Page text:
Cognizant Classic in The Palm Beaches

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Eye on Design

My 17 favorite modern Punchbowl greens in America

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Courtesy of Jeffrey R. Bertch

December 23, 2023

Of all of the notable templates holes that architects C.B. Macdonald, Seth Raynor and Charles Banks popularized in the 1910s and 20s (what Macdonald called “ideal holes” including the Redan, Biarritz and Cape), the Punchbowl is usually the most whimsical and enjoyable to play. Because of their strange shapes with sunken greens surrounded on three and sometimes all sides by mounds that kick semi-blind shots toward the middle—and sometimes fortuitously toward the hole—Punchbowls tend to be showpieces, and also curiosities.

Unlike templates that have direct antecedents in British links like the Alps or Road, (Prestwick’s and St. Andrews’ 17ths, respectively), Punchbowls don’t originate from any specific hole, though some have suspected that the ninth green at Royal Liverpool (played as the 11th during Open Championships) might be one of the first models.

Greens at many early links commonly possessed some type of shielded or punchbowl effect, since turf nestled down in dunes was better protected from the effects of the ravaging winds. Those like the 14th and 15th at Cruden Bay, which sit in bowl-like hollows, and the Dell Hole at Lahinch in Ireland, hidden between two steep dunes that funnel shots inward, are well-known examples. Punchbowls also adhere to no particular pattern or style. They can be virtually any shape, orientation, size or height—from the low inverted-frisbee version of Camargo’s seventh hole to the towering fortress at The Lido.


National Golf Links

Macdonald, Raynor and Banks included a Punchbowl in most of their U.S. designs, traditionally using them for putting surfaces behind the obscuring mound on the Alps hole, and occasionally as standalone greens, including the 16th hole at National Golf Links of America. But very few, if any, Punchbowls were constructed in the U.S. after the 1930s when Macdonald, Raynor and Banks had all either passed away or retired. Architecture in the post-World War II period and beyond became more technical and focused on modern equipment and ease of maintenance, leaving little appetite for the quirkiness of these holes.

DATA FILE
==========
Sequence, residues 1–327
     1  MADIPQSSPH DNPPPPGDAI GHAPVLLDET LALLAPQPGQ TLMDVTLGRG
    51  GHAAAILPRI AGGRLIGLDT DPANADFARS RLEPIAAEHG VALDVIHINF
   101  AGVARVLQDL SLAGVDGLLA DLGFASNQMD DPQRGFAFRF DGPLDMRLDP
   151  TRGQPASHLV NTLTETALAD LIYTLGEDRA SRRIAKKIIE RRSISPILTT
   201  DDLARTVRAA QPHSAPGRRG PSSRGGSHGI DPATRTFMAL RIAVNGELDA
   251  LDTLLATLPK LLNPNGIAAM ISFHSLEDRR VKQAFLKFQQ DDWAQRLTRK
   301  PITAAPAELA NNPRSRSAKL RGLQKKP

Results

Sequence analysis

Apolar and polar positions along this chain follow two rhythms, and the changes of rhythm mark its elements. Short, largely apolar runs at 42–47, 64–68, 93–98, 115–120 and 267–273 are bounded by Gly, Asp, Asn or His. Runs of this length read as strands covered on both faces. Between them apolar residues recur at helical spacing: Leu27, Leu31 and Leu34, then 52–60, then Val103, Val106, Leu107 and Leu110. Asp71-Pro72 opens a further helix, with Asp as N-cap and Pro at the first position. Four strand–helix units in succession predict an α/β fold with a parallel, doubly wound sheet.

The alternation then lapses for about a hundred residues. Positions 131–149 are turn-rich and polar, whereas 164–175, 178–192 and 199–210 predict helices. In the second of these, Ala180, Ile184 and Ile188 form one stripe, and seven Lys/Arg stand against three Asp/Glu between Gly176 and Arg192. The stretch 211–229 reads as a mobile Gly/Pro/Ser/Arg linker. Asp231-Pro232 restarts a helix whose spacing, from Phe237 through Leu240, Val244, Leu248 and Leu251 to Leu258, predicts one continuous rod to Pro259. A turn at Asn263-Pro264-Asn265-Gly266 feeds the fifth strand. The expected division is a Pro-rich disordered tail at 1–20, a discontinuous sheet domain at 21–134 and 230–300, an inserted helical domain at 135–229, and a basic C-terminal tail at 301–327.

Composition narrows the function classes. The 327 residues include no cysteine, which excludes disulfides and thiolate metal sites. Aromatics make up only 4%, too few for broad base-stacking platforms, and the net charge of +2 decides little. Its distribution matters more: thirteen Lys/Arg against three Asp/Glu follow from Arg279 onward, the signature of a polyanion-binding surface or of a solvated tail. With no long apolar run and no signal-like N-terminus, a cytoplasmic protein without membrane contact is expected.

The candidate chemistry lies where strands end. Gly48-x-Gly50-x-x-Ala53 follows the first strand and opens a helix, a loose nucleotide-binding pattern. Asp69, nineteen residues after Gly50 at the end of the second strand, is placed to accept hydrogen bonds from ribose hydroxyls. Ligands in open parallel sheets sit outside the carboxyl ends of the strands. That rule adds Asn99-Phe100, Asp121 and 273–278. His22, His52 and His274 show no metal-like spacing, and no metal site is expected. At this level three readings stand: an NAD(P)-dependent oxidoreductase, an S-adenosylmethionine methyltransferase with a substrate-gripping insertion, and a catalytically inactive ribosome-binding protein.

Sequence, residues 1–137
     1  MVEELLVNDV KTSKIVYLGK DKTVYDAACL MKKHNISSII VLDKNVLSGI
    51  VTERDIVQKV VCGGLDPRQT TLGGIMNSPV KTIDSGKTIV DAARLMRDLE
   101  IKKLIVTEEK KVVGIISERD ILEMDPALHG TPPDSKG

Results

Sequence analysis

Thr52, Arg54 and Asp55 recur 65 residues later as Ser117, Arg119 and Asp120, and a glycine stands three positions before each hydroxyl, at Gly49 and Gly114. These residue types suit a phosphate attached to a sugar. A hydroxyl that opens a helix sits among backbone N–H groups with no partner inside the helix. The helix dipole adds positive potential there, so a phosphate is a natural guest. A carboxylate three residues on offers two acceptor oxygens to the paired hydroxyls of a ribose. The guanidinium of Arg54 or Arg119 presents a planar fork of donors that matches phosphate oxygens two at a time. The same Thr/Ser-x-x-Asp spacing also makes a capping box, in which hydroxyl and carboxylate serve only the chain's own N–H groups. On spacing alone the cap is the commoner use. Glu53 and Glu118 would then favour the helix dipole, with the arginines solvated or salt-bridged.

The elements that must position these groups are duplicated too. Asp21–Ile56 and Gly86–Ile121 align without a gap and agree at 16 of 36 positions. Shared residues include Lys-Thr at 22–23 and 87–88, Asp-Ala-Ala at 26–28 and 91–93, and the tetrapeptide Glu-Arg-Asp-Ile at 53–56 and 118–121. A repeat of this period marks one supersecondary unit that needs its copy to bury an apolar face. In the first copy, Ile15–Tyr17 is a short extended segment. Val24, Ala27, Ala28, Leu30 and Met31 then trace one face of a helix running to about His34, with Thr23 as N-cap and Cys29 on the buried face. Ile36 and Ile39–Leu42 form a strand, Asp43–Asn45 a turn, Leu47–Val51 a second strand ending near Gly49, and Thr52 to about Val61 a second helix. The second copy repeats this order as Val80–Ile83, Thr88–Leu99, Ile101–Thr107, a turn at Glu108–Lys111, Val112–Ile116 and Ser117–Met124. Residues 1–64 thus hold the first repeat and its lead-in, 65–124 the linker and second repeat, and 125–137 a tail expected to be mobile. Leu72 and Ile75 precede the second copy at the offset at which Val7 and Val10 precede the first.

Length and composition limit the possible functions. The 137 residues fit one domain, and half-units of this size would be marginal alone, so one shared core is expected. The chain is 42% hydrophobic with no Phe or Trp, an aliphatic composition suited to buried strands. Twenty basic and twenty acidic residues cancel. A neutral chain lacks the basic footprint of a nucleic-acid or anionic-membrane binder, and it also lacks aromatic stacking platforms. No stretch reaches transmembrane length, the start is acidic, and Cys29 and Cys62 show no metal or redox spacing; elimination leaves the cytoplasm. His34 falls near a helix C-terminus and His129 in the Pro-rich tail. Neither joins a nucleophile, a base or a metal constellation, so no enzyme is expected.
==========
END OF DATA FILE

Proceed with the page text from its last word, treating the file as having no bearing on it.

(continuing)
Golf Digest architecture editor emeritus Ron Whitten recalls that Rees Jones built a type of punchbowl-style green at the Country Club of Hilton Head in the late 1980s, but it wasn’t until the late 1990s that architects began to once again experiment with them widely. Brian Silva built Punchbowl greens at Olde Scotland Links and Black Rock in Massachusetts, and at Black Creek Club in Tennessee. Jim Engh expanded their versatility by creating profound punchbowl sections within larger serpentine greens. Even Jack Nicklaus, along with lead associate Chris Cochran, built several at the original version of Dismal River's White Course in Nebraska.

Tastes change, and golfers' enthusiasm for the atypical and unpredicatble has increased along with a heightened reverence for things past. Since the 2000s, Punchbowl greens have become once-again popular resources that architects use in both revivals of Macdonald and Raynor designs and at original courses. They’re coming to us, as good ones should, in strange shapes and sizes.

Below you'll find our spotlight of some of our favorite contemporary Punchbowl greens.

We urge you to click through to each individual course page for bonus photography, drone footage and reviews from our course panelists. Plus, you can now leave your own ratings of the courses you’ve played. Which are you favorite Punchbowls? Search for courses and leave your own review here.

Hobe Sound, Fla.

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Apogee West

Jensen Larsen